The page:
Fitch Weighs In On New CalPERS Compensation Rules

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This week, CalPERS approved 99 types of additional income that workers can include in their pension calculations.

The change will increase the pensions of many workers in the CalPERS system, and the fund has already drawn flak from California Governor Jerry Brown.

Now, the credit rating agency Fitch is in on the game, too. Fitch says the changes will increase pension liabilities and present additional costs to the state. From Fitch:

The expanded definition of pensionable compensation exposes public employers to higher pension liabilities and contribution expenses, and appears to be a step backward from recent reforms. The Public Employees’ Pension Reform Act of 2013 (PEPRA) narrowed the definition of pensionable compensation for public employees in an effort to address “pension spiking,” the inflation of base pay for purposes of pension benefit calculations. This decision expands the definition of pensionable compensation, in apparent conflict with PEPRA, and will increase pension costs for public employers if implemented.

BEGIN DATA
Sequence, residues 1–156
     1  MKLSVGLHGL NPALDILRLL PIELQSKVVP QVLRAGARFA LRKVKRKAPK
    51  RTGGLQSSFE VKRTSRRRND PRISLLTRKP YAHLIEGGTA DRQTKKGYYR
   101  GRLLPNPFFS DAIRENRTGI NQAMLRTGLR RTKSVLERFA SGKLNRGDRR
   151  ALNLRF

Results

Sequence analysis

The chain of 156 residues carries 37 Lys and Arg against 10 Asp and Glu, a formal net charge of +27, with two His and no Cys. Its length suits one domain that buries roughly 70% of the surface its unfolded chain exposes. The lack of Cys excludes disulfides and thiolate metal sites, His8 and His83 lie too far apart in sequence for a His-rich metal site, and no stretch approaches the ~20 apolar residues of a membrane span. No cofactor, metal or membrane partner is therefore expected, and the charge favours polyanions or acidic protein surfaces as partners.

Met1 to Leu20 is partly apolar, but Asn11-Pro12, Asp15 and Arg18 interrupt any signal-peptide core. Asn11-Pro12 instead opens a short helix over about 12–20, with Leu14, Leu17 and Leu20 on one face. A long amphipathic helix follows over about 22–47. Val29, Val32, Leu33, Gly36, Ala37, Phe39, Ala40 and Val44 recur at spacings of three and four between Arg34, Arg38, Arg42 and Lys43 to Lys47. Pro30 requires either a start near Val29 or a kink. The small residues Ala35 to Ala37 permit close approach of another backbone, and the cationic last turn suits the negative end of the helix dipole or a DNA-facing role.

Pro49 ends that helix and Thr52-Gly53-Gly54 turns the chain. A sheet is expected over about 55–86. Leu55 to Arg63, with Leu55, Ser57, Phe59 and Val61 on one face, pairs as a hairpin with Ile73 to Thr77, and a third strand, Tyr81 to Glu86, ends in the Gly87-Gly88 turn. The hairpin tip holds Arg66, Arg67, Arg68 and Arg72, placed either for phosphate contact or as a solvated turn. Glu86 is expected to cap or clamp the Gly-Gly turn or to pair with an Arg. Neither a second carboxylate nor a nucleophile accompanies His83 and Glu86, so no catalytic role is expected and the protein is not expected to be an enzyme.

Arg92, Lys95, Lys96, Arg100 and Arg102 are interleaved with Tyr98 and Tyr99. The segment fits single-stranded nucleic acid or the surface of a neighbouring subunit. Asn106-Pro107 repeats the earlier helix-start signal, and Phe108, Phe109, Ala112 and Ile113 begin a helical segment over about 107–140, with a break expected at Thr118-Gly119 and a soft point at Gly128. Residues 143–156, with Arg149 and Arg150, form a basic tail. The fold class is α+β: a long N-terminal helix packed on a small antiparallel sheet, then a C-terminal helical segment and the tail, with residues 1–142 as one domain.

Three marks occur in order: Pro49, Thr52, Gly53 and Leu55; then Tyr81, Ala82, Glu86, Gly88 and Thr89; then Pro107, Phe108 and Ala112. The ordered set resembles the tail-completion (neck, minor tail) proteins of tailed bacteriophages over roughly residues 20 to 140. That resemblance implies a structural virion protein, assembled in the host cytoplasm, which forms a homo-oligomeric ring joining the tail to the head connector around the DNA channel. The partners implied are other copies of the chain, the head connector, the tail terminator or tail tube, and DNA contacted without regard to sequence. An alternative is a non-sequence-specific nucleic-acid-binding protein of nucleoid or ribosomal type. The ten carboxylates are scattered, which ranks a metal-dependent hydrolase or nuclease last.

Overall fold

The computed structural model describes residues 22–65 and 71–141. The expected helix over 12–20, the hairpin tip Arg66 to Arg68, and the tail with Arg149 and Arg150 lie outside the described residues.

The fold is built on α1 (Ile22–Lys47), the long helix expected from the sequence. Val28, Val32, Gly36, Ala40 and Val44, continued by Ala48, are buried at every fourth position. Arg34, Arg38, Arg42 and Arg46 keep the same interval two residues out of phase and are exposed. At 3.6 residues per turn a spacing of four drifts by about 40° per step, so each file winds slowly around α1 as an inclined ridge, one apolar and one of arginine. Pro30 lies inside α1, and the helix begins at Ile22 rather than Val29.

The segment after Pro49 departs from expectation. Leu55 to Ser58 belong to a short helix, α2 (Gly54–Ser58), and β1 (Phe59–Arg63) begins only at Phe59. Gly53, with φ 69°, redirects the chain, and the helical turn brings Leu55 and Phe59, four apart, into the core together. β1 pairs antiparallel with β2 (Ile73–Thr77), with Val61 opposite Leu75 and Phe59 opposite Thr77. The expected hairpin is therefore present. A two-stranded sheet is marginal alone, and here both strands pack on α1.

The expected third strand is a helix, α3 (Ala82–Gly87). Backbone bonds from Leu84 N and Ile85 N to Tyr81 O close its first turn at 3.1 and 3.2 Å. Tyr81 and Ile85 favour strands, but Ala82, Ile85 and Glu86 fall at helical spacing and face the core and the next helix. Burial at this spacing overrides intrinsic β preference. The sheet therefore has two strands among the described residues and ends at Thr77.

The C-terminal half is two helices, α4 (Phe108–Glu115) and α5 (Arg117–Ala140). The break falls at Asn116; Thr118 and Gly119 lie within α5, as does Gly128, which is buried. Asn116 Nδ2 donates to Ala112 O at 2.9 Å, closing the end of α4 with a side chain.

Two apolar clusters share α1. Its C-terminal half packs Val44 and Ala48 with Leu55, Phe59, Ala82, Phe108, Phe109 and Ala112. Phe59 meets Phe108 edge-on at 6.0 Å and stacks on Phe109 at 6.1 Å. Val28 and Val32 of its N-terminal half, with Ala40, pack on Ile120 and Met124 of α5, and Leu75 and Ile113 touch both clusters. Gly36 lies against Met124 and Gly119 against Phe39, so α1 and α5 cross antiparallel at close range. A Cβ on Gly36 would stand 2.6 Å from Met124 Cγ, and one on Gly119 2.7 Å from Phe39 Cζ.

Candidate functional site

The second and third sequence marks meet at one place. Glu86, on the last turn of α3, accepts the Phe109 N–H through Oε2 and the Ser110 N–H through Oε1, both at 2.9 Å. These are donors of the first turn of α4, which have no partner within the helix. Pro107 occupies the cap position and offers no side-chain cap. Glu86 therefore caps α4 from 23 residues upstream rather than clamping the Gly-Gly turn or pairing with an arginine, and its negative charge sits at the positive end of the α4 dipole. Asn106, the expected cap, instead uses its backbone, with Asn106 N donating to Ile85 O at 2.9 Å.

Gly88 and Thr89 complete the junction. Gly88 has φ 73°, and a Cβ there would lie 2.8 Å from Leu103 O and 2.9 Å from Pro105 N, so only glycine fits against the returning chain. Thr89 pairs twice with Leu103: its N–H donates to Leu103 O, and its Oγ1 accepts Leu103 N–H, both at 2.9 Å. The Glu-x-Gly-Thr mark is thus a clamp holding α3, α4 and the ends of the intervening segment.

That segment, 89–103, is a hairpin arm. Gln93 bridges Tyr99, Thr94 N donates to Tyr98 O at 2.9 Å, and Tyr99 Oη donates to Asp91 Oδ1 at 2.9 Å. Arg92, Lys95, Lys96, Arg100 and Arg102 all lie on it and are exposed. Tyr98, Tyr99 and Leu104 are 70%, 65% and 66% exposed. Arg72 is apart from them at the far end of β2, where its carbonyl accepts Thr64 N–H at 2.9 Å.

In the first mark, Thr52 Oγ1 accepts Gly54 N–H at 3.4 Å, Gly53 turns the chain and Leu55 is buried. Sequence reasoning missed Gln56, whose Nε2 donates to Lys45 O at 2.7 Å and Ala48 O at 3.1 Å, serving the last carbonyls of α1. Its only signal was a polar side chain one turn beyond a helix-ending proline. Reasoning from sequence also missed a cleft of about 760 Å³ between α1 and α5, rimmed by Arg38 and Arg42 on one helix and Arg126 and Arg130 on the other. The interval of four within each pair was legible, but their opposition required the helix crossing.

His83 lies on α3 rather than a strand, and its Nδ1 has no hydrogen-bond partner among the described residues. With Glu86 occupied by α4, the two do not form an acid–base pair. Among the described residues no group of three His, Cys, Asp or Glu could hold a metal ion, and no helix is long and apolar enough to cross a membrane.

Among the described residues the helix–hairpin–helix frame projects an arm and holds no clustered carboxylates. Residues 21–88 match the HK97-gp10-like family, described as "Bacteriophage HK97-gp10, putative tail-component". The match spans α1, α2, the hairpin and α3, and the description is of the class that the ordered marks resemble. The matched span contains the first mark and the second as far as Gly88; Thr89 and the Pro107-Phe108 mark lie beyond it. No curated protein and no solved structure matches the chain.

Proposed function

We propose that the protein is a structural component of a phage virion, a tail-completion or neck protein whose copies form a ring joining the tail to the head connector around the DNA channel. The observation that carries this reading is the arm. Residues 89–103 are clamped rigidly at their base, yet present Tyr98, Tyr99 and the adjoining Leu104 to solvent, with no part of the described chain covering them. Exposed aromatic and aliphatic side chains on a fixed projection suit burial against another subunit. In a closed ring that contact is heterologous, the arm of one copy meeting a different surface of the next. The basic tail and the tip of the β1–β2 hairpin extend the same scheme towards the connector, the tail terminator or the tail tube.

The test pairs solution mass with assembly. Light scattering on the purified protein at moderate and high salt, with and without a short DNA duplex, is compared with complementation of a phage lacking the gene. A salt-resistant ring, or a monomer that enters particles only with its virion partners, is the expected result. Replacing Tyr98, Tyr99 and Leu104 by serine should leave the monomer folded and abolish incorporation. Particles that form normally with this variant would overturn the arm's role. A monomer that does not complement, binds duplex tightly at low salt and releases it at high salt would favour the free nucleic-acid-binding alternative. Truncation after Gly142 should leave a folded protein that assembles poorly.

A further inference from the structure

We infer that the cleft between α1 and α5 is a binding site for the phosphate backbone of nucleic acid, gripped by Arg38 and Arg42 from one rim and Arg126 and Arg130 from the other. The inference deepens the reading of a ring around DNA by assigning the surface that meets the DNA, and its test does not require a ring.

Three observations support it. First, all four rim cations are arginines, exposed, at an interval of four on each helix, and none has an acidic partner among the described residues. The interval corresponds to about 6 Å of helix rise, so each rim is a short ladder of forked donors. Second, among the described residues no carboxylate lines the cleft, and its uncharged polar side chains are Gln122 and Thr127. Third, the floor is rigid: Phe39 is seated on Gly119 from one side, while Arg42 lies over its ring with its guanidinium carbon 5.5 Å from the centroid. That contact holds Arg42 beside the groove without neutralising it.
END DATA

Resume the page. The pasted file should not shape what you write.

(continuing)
The magnitude of impact from this decision is not yet clear, but it raises more questions about the sustainability of California’s pension reform efforts, which continue to face legal and institutional challenges. Particularly worrisome to Fitch is the absence of detailed information on the analysis of its projected costs. The decision has been sharply criticized by Gov. Jerry Brown, who cited its conflicts with recent state legislation intended to reduce pension costs. City-led pension reform efforts in San Diego and San Jose remain mired in litigation while this CalPERS decision appears to open up a new front for challenging reform efforts.

Gov. Brown was actually open to most of the 99 “special pay items”. But he adamantly opposed the measures that contradicted the reform law Brown passed in 2012.

“Today Calpers got it wrong,” Brown said in a statement on Wednesday. “This vote undermines the pension reforms enacted just two years ago. I’ve asked my staff to determine what actions can be taken to protect the integrity of the Public Employees’ Pension Reform Act.”